Virulence study against pupae of Frankliniella occidentalis

We followed the procedures described by Ebssa et al. (2001) slightly modified. Briefly, the experimental unit was a mini-container with a transparent lid with hermetic closure to avoid escapes (2.5 cm diam. X 1.5 cm height). Each container was filled with 1 g of sterile sand. The final volume per mini-container was 100 μL (10% moisture w/v). With the aid of an A000 brush, 10 late-stage F. occidentalis larvae were individually caught for each mini-container, the corresponding treatments applied, and the containers were stored in controlled environment chamber (60% RH 22°C and 16L: 8D). Pollen was added to each mini-container 24 h postinoculation. The treatments included control (100 mL distilled water), and application of 100 μL suspension of 500 IJs (160 IJs/cm2) or of 250 IJs (80  IJs/cm2). Experiments were conducted by species, including in each trial all the corresponding populations. Treatments were replicated 5 times. The presence of adults was checked every 2 to 3 days post-inoculation, determining the adults’ emergence after 12 days (Campos-Herrera and Gutierrez, 2009). The experiment was performed twice, with new insects, nematodes, and substrate preparation.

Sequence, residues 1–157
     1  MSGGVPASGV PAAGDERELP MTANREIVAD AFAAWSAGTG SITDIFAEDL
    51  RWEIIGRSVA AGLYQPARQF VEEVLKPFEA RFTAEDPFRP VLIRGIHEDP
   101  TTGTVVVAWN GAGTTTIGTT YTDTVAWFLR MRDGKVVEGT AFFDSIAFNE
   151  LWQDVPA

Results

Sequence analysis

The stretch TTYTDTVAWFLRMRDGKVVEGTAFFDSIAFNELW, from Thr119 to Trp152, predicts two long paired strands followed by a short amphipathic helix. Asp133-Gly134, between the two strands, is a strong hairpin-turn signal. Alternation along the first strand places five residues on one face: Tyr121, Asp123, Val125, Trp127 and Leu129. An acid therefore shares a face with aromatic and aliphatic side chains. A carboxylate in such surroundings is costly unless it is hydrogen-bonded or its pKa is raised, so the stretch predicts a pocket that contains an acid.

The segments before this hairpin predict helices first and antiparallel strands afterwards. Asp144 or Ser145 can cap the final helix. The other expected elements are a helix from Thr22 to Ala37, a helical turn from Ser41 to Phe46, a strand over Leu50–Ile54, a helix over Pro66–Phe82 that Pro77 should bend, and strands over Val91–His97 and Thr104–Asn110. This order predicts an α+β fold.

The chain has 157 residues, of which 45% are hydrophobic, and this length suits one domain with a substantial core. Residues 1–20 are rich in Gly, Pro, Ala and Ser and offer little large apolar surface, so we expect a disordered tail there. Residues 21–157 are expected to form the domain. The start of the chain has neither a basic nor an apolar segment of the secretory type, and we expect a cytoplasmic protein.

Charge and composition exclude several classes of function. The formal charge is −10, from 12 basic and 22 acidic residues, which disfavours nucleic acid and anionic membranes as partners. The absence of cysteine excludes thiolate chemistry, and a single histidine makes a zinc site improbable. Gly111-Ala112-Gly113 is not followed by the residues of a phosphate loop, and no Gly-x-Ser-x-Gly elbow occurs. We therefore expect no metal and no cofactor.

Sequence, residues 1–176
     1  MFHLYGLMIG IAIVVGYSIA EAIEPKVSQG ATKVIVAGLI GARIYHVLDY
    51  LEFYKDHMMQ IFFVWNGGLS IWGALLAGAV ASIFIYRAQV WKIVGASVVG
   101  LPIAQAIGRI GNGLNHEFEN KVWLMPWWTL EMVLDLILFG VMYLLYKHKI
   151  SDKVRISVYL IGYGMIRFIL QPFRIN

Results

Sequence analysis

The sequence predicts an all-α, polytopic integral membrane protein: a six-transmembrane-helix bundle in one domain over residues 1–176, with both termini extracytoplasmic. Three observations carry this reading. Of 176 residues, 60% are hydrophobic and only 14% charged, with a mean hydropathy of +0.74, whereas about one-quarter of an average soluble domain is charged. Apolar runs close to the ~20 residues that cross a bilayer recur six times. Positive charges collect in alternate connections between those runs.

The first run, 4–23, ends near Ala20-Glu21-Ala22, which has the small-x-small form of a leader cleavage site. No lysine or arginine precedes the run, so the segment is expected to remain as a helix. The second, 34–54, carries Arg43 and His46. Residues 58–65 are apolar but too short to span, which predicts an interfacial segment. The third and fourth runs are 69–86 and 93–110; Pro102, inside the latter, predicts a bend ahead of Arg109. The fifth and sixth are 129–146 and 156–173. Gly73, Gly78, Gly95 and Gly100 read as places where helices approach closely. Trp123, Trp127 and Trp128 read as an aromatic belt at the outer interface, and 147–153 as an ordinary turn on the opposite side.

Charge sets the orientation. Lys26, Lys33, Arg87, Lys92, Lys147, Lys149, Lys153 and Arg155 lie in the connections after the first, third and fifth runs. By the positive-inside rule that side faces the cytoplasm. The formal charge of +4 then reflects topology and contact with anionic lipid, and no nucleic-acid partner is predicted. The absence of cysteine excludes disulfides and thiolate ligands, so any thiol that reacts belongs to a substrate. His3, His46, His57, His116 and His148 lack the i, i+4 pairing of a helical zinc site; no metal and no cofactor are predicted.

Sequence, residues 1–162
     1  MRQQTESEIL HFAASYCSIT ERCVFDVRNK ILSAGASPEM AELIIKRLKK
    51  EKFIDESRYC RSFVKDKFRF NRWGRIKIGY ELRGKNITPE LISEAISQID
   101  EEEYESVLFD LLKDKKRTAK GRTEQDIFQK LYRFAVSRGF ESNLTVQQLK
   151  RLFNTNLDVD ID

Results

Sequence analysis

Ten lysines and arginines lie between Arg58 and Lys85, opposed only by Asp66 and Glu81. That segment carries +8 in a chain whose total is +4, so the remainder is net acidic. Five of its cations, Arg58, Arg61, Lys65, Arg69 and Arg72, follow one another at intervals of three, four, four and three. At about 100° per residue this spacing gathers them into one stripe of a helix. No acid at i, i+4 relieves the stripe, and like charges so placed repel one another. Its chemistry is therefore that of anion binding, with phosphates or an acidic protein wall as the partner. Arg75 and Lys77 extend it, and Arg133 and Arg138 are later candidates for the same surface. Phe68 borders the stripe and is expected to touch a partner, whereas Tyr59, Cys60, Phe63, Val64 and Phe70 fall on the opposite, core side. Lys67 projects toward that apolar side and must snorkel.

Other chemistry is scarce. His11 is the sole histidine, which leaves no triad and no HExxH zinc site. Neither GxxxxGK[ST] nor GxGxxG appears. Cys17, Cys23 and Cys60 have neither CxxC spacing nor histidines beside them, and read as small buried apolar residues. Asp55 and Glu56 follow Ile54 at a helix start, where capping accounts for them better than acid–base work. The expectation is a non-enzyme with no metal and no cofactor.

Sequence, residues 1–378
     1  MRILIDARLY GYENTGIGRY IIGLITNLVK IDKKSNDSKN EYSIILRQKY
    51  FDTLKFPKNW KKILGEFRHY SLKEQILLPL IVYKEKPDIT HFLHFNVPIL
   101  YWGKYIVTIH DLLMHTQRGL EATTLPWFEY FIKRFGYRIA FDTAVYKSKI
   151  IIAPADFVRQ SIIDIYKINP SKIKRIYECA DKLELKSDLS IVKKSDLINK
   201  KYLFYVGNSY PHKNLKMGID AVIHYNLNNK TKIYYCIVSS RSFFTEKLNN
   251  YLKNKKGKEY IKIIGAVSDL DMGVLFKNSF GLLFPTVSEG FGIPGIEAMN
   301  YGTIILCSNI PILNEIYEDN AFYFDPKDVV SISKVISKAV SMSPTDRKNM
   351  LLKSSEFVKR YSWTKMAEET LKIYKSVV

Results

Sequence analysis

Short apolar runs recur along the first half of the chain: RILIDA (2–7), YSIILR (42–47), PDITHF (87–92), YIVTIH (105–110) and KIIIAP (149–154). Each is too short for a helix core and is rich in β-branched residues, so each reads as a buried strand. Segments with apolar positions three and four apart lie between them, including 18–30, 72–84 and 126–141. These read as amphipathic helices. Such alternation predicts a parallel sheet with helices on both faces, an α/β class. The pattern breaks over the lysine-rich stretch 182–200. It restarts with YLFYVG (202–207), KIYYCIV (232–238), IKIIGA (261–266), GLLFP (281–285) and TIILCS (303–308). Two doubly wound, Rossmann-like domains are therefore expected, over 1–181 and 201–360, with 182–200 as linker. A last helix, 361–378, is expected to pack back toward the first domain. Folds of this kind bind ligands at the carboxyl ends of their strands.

Virulence study against Tuta absoluta